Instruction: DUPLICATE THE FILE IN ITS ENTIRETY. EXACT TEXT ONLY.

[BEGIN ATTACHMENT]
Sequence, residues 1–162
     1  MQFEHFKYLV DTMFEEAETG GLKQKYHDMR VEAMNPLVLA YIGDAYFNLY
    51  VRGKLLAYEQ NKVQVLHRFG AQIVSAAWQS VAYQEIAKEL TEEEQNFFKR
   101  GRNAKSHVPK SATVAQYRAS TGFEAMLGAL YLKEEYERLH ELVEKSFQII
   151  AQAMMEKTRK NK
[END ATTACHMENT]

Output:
Sequence, residues 1–162
     1  MQFEHFKYLV DTMFEEAETG GLKQKYHDMR VEAMNPLVLA YIGDAYFNLY
    51  VRGKLLAYEQ NKVQVLHRFG AQIVSAAWQS VAYQEIAKEL TEEEQNFFKR
   101  GRNAKSHVPK SATVAQYRAS TGFEAMLGAL YLKEEYERLH ELVEKSFQII
   151  AQAMMEKTRK NK